Located to the left of the Clock Tower ("Torre dell'Orologio"), the Old Procuracies building stretches forth. This magnificent structure was once the residence of the Procurators of San Marco, a prestigious position responsible for overseeing the maintenance of San Marco and the management of other government-owned properties. The number of procurators never exceeded nine, and they held the second-highest position in the Venetian hierarchy, following only the Doge, who often rose from their ranks. Alongside the Doge and the Grand Chancellor, who headed the civil service, the procurators held the exclusive distinction of being the only state officials elected for life.

Since the time of Doge Ziani, the procurators and their accompanying bureaucracies were situated on this side of Saint Mark's Square. The current building, however, was initiated around 1500 by Codussi, continued after a fire in 1512, and eventually completed around 1532 by Sansovino. Its most captivating architectural feature is the presence of 100 small round arches adorning the windows and the archways along the expansive veranda. Within these archways, you will now discover some of Venice's most renowned, historic, and upscale cafes.
Museo Archeologico Nazionale (National Archeological Museum)

9) Museo Archeologico Nazionale (National Archeological Museum)

In 1523, Cardinal Domenico Grimani bestowed upon the City of Venice a remarkable collection of sculptures and ancient artworks, some of which came from ancient Greece, Egypt, and Assyria-Babylon. Continuing from that, the National Archeological Museum now houses an exceptional array of Imperial Roman artifacts, including coins dating back to the earliest years of the Republic. Among other highlights is the collection of Roman funerary sculptures, or you may want to focus on other nearby sections featuring Napoleon's Palace rooms, works by Bellini, exhibits depicting Venetian life, weaponry and armor displays, ship-building artifacts, and items that once belonged to the Doge's Palace.

Certain pieces from the Grimani collections stand out due to their exceptional nature. Keep an eye out for the striking head of Athena from the 4th century BC, a trio of wounded Gallic warriors (Roman copies of Hellenistic originals), and busts depicting a range of Roman emperors such as Domitian, Vitellius, Hadrian, Trajan, Tiberius, Marcus Aurelius, Septimius Severus, and the infamous Caracalla.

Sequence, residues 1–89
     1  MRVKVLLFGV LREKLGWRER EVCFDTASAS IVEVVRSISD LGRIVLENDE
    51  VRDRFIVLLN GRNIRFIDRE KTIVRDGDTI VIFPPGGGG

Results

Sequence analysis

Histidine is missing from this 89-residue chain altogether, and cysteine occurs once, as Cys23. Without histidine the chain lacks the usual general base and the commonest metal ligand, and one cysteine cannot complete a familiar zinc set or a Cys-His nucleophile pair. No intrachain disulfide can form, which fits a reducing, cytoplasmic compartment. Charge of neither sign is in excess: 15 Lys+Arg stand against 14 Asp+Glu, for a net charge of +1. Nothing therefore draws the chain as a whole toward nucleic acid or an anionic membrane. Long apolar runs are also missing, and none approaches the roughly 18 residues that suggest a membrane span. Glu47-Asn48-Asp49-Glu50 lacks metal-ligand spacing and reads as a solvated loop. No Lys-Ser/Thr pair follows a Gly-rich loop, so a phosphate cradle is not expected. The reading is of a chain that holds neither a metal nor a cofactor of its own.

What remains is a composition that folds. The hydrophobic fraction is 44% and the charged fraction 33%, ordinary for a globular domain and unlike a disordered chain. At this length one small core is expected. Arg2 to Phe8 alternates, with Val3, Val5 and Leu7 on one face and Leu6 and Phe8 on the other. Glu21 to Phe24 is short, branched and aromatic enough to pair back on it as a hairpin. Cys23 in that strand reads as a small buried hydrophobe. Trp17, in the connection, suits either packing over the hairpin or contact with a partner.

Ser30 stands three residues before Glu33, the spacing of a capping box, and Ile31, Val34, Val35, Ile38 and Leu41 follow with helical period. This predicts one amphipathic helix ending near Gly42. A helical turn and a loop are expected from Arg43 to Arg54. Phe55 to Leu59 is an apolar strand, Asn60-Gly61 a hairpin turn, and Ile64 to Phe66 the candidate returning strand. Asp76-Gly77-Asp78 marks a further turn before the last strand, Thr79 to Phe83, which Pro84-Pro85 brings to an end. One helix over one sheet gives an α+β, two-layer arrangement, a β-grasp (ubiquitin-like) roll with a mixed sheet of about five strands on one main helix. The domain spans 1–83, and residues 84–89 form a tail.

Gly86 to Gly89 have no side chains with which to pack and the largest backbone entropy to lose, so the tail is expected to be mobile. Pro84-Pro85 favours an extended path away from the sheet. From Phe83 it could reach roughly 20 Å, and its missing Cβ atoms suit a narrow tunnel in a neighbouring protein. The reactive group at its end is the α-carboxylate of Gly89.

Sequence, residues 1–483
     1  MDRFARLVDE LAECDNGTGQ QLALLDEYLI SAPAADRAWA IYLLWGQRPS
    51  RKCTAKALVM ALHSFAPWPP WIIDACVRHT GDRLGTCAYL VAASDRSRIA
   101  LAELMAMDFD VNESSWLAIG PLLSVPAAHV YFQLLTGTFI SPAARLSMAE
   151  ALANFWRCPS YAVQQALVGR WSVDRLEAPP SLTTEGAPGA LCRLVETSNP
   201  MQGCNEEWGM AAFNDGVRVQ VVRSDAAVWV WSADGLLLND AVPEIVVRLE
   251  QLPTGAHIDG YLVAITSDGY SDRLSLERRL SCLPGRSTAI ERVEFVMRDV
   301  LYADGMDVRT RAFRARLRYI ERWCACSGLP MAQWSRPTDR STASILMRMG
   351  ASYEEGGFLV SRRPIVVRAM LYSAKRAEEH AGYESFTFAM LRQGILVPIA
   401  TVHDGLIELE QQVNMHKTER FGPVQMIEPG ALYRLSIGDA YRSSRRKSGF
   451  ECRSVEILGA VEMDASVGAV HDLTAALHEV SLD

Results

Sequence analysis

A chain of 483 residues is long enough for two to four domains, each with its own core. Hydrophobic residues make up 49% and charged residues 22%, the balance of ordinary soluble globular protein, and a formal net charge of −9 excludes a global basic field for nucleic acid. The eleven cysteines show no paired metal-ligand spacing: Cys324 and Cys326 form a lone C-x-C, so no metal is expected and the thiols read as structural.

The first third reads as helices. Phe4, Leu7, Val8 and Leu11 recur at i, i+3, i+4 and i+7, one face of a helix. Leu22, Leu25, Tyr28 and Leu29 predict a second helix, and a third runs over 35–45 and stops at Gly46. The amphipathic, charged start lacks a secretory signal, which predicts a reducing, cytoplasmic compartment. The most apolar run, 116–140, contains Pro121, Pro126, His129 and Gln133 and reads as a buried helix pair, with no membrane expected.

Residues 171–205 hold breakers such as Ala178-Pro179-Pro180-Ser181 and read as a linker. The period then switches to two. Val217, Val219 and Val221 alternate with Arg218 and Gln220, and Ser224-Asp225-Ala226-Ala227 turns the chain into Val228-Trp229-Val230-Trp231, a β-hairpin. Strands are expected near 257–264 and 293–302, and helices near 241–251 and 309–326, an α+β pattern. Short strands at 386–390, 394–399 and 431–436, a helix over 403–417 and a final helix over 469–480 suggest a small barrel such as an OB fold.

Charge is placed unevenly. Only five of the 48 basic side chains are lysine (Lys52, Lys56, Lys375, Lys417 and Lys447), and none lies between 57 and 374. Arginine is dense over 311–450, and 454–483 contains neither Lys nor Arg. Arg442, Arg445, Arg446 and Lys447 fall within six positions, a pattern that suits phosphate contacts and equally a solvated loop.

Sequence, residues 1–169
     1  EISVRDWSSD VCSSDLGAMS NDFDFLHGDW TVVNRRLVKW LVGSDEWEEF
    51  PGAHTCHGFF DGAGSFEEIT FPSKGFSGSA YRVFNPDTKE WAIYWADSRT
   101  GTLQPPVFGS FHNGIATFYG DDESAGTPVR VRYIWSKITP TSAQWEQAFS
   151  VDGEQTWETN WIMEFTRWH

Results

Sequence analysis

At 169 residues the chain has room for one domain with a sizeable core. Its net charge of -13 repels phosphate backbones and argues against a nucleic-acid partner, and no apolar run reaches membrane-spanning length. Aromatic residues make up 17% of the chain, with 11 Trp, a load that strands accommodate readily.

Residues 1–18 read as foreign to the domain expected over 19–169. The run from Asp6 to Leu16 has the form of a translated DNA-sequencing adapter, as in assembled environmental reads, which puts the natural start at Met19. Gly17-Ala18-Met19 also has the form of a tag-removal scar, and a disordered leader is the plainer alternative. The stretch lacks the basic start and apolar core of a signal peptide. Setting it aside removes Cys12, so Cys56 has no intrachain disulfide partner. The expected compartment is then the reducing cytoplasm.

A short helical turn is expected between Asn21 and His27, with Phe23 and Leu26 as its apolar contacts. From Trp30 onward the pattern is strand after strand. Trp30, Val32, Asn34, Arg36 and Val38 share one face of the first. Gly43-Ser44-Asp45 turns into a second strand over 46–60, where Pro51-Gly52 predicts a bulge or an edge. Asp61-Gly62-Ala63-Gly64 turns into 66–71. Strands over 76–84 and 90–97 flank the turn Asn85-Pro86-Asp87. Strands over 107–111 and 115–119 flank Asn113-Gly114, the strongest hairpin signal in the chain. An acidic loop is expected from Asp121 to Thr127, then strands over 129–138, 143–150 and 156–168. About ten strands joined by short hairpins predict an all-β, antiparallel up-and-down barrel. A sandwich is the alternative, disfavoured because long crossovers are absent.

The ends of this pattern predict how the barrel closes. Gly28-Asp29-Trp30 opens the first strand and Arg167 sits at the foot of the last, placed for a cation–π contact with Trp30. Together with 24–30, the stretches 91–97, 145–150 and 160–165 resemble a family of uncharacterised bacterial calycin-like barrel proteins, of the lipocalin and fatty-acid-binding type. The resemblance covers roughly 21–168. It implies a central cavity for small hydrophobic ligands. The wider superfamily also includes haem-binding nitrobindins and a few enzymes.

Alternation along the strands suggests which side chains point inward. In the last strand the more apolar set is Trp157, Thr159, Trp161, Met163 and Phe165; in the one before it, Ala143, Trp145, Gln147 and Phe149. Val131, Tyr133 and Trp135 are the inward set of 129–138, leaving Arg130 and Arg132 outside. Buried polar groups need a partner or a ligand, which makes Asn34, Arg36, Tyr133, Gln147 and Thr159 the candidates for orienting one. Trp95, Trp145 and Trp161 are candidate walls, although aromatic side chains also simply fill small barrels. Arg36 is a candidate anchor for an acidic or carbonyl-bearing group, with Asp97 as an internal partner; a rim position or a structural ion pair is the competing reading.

At the far end of the museum, a door opens into the hall of Sansovino's library with its beautifully designed ceilings, ornate decorations, and exquisite architectural details.

The M.A.N. is part of the museum complex in Saint Mark's Square, allowing visitors to explore multiple attractions with a single ticket. This ticket includes access to the Doge's Palace, the Correr Museum, and the Monumental Rooms of the Marciana Library.
Caffe Florian

10) Caffe Florian

Established in 1720 by Florian Francesconi and lauded by Napoleon as "one of the world's most beautiful drawing rooms", Caffè Florian holds the distinction of being the oldest continuously operating coffee house in Italy and the second oldest in the world (after Café Procope in Paris). Due to its prestigious position, it is almost a symbol of Venice; the meeting place of artists and poets, writers and politicians, including Wagner, Goethe, and Lord Byron. Casanova, known for his keen interest in pursuing connections with women, particularly favored the establishment, largely due to the fact that it was one of the first in Venice to allow women entry—an opportunity he eagerly embraced in his romantic endeavors.

Here, immersed in a rich local history, one can enjoy an amazing range of cakes and coffees, albeit at a higher price point, served by elegantly attired waiters at small marble tables for two. The experience is undeniably delightful, particularly when the resident musicians serenade the patrons (one of the primary reasons for choosing this café); however, be aware that an additional €6 per person will be added to your bill during musical performances. The ambiance is tranquil and inviting, aside from the occasional visits from birds that may seek some attention. You can even make song requests to the musicians or admire the art exhibitions within the cafe's walls.